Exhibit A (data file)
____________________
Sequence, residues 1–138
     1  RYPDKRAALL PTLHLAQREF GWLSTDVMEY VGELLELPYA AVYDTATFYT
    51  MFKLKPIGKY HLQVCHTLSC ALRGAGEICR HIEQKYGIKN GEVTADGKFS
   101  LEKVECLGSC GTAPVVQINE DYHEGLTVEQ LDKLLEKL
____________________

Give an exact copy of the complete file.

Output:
Sequence, residues 1–138
     1  RYPDKRAALL PTLHLAQREF GWLSTDVMEY VGELLELPYA AVYDTATFYT
    51  MFKLKPIGKY HLQVCHTLSC ALRGAGEICR HIEQKYGIKN GEVTADGKFS
   101  LEKVECLGSC GTAPVVQINE DYHEGLTVEQ LDKLLEKL